PCIJ Diversion of Water from the Meuse (Judgment) PCIJ Ser A/B No 70 (1937).

  16. 16.

    Tacna-Arica Question (Chile v Peru) 2 RIAA 921, 943–944 (1922).

  17. 17.

    Harvard Draft 662.

  18. 18.

    Harvard Draft 1077. The quote obviously referred to the PCIJ which had been established in 1922, although its jurisdiction was not compulsory.

  19. 19.

    Ibid 1092–1093.

  20. 20.

    Waldock II 72 et seq.

  21. 21.

    Waldock II 75.

  22. 22.

    Art 25 (Waldock II 86 et seq.).

  23. 23.

    [1963-II] YbILC 204.

  24. 24.

    Waldock II 36–37.

  25. 25.

    [1966-I/1] YbILC 127 et seq: an amendment proposed by Yasseen to delete the right to withdraw was adopted by 12 votes to 1.

  26. 26.

    Final Draft 184.

  27. 27.

    UNCLOT I 354–355.

  28. 28.

    UNCLOT III 269.

  29. 29.

    UNCLOT II 115.

  30. 30.

    UNCLOT II 167–168.

  31. 31.

    UNCLOT III 269.

  32. 32.

    UNCLOT II 115 paras 61, 63.

  33. 33.

    UNCLOT II 111–112 paras 14–16.

  34. 34.

    See in particular the intervention by the Israeli delegate (Rosenne) and the reaction by the UK delegate UNCLOT II 113 paras 34, 40.

  35. 35.

    UNCLOT II 115 para 62. See Rule 36 para 1 of the Conference’s Rules of Procedure UNCLOT I xxviii.

  36. 36.

    Final Draft, Commentary to Art 57, 253–254 para 1. See also Dahm/Delbrück/Wolfrum (n 13) 733.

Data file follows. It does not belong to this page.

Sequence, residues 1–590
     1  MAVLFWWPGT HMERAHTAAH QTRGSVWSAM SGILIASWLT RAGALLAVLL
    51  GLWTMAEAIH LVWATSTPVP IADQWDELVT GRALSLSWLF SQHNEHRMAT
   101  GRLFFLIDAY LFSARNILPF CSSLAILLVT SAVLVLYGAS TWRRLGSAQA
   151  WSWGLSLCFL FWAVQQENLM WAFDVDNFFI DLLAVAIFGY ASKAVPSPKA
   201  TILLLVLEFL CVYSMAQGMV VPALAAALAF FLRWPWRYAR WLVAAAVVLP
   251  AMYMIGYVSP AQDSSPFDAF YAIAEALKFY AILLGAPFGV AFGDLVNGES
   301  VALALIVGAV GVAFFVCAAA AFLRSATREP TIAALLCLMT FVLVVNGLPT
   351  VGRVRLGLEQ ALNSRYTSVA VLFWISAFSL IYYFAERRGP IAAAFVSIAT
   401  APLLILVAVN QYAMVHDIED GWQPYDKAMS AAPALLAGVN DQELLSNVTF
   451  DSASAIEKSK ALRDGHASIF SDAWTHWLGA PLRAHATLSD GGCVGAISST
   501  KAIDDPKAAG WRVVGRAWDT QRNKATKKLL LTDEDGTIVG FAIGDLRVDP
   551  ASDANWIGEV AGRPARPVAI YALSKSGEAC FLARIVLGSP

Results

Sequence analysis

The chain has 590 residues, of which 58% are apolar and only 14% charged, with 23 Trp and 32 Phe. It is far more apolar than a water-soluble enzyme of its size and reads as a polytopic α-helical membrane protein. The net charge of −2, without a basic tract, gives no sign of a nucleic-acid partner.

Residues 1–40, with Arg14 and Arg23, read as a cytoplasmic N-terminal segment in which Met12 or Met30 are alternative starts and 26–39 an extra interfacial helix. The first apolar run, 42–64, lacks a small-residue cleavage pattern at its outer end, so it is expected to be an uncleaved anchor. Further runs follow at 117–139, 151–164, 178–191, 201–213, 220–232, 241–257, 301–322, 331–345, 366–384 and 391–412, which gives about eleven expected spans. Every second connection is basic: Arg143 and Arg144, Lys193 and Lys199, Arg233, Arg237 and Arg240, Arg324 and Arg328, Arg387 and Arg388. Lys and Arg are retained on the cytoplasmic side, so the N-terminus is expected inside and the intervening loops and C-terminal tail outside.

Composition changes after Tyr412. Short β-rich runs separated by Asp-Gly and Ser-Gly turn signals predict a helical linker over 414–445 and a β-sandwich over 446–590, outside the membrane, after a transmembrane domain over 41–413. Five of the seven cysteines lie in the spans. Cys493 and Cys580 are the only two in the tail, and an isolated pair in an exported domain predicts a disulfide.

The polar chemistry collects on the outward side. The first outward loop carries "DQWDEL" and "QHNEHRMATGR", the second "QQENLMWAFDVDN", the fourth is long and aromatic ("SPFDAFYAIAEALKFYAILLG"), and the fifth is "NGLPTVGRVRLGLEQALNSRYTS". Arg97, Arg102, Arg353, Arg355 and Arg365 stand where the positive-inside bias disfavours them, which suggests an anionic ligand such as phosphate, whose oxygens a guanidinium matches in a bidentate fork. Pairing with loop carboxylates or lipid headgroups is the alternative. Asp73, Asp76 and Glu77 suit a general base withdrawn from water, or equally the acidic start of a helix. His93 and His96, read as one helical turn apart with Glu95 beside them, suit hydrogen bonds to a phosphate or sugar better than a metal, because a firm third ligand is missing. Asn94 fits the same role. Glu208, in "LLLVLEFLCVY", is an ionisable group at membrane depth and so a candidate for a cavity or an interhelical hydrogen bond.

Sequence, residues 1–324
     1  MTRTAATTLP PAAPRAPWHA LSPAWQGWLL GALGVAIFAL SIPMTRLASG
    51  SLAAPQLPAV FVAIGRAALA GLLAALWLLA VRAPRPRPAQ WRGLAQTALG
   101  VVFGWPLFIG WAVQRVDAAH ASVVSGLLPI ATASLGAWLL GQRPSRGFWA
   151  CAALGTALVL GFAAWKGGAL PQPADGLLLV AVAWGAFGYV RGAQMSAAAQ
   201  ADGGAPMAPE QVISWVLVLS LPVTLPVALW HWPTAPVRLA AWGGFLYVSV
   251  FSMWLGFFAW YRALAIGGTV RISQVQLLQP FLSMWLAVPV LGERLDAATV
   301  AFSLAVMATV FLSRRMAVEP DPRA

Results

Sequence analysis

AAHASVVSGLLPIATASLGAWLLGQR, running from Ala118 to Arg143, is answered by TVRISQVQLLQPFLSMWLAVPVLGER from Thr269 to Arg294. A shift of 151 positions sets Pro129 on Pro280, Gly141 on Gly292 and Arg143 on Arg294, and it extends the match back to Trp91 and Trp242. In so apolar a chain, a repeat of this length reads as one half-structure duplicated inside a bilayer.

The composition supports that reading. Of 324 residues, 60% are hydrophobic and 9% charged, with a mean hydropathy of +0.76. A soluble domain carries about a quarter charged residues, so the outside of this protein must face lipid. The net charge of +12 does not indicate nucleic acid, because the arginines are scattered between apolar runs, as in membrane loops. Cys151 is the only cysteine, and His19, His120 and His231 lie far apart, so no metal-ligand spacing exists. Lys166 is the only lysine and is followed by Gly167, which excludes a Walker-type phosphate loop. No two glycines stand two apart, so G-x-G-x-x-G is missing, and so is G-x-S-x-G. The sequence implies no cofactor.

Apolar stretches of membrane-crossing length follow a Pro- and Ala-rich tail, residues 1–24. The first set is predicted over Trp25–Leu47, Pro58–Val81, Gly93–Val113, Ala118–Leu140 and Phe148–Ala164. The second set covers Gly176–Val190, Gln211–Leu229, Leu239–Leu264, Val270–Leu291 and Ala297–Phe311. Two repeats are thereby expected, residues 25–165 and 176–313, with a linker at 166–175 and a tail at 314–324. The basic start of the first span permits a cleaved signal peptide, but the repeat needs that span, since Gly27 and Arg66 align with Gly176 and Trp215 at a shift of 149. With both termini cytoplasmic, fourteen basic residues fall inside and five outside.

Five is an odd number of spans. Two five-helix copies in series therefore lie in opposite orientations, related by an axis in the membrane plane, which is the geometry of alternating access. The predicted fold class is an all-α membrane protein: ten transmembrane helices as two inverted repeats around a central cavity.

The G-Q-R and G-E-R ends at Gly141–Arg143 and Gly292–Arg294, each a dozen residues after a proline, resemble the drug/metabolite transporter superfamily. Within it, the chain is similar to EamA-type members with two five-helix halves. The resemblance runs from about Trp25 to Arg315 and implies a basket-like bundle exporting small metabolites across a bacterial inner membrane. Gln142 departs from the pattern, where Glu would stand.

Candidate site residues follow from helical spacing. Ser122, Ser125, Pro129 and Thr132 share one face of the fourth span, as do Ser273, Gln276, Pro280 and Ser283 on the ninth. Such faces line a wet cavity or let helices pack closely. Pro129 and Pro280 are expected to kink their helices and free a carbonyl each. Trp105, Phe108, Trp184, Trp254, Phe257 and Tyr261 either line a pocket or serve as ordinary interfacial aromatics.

37. 37.

    Final Draft, Commentary to Art 57, 255 para 9.

  38. 38.

    Ibid (emphasis original).

  39. 39.

    Statement by Waldock [1963-I] YbILC 245.

  40. 40.

    ICJ Gabčíkovo-Nagymaros Project (Hungary v Slovakia) [1997] ICJ Rep 3, para 106.

  41. 41.

    Statement by the President (Ago) UNCLOT II 115.

  42. 42.

    The present formulation goes back to a proposal by Verdross [1966-I/1] YbILC 63 paras 38, 76: “The repudiation of the treaty if not authorized by another provision of this convention”. See also [1966-I/1] YbILC 127 et seq paras 14, 16, 23–28.

  43. 43.

    [1966-I/1] YbILC 127–128 paras 24, 26.

  44. 44.

    Cf Arts 20 et seq ILC Articles on Responsibility of States (n 7).

  45. 45.

    B Simma/C Tams in Corten/Klein Art 60 MN 16.

  46. 46.

    M Fitzmaurice/O Elias Aspects of the Law Relating to Material Breach of Treaty in M Fitzmaurice/O Elias (eds) Contemporary Issues in the Law of Treaties (2005) 125 et seq. See also T Giegerich Multilateral Treaties, Reservations to in MPEPIL (2008) MN 10.

  47. 47.

    Convention on the Prohibition of the Development, Production, Stockpiling and Use of Chemical Weapons and on Their Destruction 1974 UNTS 45.

  48. 48.

    Example taken from Aust 295.

  49. 49.

    Waldock II 73.

  50. 50.

    Cf Art 20 et seq ILC Articles on Responsibility of States (n 7).

  51. 51.

    MM Gomaa Suspension or Termination of Treaties on Grounds of Breach (1996) 36, 44.

  52. 52.

    C Feist Kündigung, Rücktritt und Suspendierung von multilateralen Verträgen (2001) 135.

  53. 53.